Thinking of Going to Rehab? Here’s What to Expect

As a latchkey kid in the late ‘80s and early ‘90s, I grew up in front of a television set. Sitcoms and after-school specials informed my understanding of many adult “real world” topics, including addiction. So when I first came to the realization that I might have a drinking problem (all the way back in 2005, when I was 30), I assumed that going away to rehab was the one and only solution. That’s what everyone did on TV, after all — and they always came back cured.

Eighteen years and four rehabs later, I’ve learned that going to a treatment facility is not a prerequisite for getting sober. It’s also not a magical cure-all that strips you of your obsession simply because you decide to go. But it is an option that works wonders for many people, especially those who find it difficult to get distance from their substance of choice (people who work in a restaurant or bar, for example). So if you’re thinking about going to rehab and wondering what to expect, here’s a quick and general rundown.

Medically Supervised Detox

Depending on your level of physical dependence, you may need to undergo detox before starting a residential treatment program. It’s crucial to do this under medical supervision to ensure your safety. Medical professionals will monitor your condition, provide medications to ease withdrawal symptoms, and offer emotional support to help you through the discomfort. Some residential rehabs offer medical detox as part of their program, others may recommend a hospital-based program for you to attend before they accept you for treatment.

In my experience, detox was a lifesaver. Once I reached a level of complete physical dependence on alcohol, I believed sobriety was impossible — and that belief kept me hopeless for a long time. But once I learned I could get a safe, medical detox, I knew I had a chance.

Residential Treatment

Residential rehab

Residential rehab (also called inpatient treatment) provides a supportive, structured environment where you live onsite for an extended period, typically ranging from 28 to 90 days. In these programs, you’ll engage in individual and group therapy sessions, participate in activities promoting emotional healing, and learn essential coping skills. The immersive nature of residential treatment allows you to focus entirely on your recovery, away from the triggers and stressors of daily life.

Intensive Outpatient Programs (IOP)

Intensive Outpatient Programs (IOP) offer a more flexible approach to rehab. They allow you to attend therapy sessions and support groups while still living at home and continuing with your daily responsibilities like work or school. IOPs provide a higher level of care than standard outpatient programs, ensuring you receive the support you need to maintain your sobriety while managing your day-to-day life.

I’ve been in four residential treatment programs, one of which lasted for five months. At the time, I thought anything more than one month was ridiculous. But I agreed to stay because my family wanted me to, and I was fortunate enough to be able to take the time off. Looking back now, I see just how much it helped. It kept me away from triggers and gave me the opportunity to practice my new sober living tools (and make mistakes) in a safe environment where relapse was virtually impossible.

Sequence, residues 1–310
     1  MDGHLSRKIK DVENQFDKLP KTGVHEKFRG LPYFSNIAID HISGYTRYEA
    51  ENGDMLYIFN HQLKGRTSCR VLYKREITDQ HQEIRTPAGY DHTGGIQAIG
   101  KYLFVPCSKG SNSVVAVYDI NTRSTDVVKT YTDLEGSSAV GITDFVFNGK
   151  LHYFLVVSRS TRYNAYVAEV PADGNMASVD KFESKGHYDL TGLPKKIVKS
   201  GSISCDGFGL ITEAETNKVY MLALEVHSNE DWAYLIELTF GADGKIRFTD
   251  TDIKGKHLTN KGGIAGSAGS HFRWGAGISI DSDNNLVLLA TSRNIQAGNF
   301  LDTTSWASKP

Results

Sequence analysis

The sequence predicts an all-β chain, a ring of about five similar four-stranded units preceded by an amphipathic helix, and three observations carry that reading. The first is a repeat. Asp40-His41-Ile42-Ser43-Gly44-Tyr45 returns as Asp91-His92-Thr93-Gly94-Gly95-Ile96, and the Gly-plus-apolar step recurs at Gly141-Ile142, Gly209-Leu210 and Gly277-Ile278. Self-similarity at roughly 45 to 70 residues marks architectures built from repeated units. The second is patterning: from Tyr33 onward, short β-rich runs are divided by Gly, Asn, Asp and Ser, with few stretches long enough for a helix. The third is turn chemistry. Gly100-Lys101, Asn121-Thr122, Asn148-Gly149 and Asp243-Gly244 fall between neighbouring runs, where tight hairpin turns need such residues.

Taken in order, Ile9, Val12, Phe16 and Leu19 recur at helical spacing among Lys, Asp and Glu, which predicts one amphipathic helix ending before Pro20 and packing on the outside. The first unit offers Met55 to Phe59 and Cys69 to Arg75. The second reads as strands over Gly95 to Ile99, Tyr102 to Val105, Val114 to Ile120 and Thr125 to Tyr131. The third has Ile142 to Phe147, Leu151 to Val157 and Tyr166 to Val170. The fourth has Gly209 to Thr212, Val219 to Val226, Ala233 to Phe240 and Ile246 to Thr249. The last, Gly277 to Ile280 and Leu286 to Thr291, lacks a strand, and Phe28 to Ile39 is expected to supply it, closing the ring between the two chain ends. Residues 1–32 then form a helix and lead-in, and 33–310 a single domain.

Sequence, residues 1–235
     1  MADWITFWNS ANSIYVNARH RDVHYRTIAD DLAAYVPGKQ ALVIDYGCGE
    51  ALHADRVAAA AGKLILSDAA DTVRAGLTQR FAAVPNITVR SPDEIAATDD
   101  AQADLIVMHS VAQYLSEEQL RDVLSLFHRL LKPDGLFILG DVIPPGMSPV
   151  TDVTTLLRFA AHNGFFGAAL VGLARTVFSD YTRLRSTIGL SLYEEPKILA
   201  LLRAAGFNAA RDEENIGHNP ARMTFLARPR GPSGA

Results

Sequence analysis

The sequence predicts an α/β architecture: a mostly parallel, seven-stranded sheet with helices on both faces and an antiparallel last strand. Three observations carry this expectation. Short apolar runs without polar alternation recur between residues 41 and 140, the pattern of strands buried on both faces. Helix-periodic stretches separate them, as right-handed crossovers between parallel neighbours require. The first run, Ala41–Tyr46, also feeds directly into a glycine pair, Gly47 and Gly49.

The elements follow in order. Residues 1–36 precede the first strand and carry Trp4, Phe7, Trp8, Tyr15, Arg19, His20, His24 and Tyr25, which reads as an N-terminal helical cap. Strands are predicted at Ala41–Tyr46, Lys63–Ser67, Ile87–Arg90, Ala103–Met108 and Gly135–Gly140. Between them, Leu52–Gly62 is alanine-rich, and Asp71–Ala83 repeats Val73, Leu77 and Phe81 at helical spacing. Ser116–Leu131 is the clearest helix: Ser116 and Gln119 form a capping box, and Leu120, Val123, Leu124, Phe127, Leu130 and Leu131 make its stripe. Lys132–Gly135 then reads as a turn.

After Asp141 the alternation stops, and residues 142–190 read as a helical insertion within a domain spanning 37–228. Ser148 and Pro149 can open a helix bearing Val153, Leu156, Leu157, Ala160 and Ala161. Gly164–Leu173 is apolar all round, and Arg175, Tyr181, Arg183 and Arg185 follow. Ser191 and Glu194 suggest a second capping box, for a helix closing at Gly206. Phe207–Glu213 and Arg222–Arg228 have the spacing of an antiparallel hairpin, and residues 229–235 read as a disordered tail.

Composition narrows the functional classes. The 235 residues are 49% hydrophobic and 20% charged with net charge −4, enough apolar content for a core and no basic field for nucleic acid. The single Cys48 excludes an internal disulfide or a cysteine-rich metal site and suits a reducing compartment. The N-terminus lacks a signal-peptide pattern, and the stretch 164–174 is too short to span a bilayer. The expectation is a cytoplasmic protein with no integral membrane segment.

Often, IOPs are offered as a step-down treatment following residential rehab. IOP’s are also an option if your work schedule or other circumstances make it impossible for you to go away for 30, 60, or 90 days. 

Outpatient Programs

Outpatient rehab programs offer therapy sessions and support groups on a part-time basis. They are typically designed for people who have completed more intensive treatment or for those with milder addiction issues. Outpatient programs empower you to apply the skills you’ve learned in rehab to real-life situations, with the ongoing guidance and encouragement of addiction professionals.

After my five-month stint in residential rehab, I went to outpatient treatment at the Freedom Institute and it was incredibly helpful. It kept me close to recovery while allowing me to venture out into the real world and live my life.


Recovery doesn’t end when you leave the formal rehab program; it’s a lifelong journey. Aftercare, also known as continuing care, provides ongoing support to help you maintain your sobriety. This can include individual therapy, support groups, and regular check-ins with addiction counselors. 

My continuing care consists of bi-weekly therapy and regular support group meetings. Some people need more, some people need less. Fortunately, there are many many options out there.

What’s Next?

If you’re able, I suggest doing some research into residential rehab programs to see if there’s a facility that might be a good fit for you. A website like is a good place to begin because you can narrow down your options — it lets you filter your search by state, type of treatment (residential, outpatient, etc.), insurance coverage, special focus (LGBTQ, veterans LGBTQ, etc.), and more.

Have you been to rehab? Was it anything like what you expected? Tell us about your experience and misconceptions in the comments!


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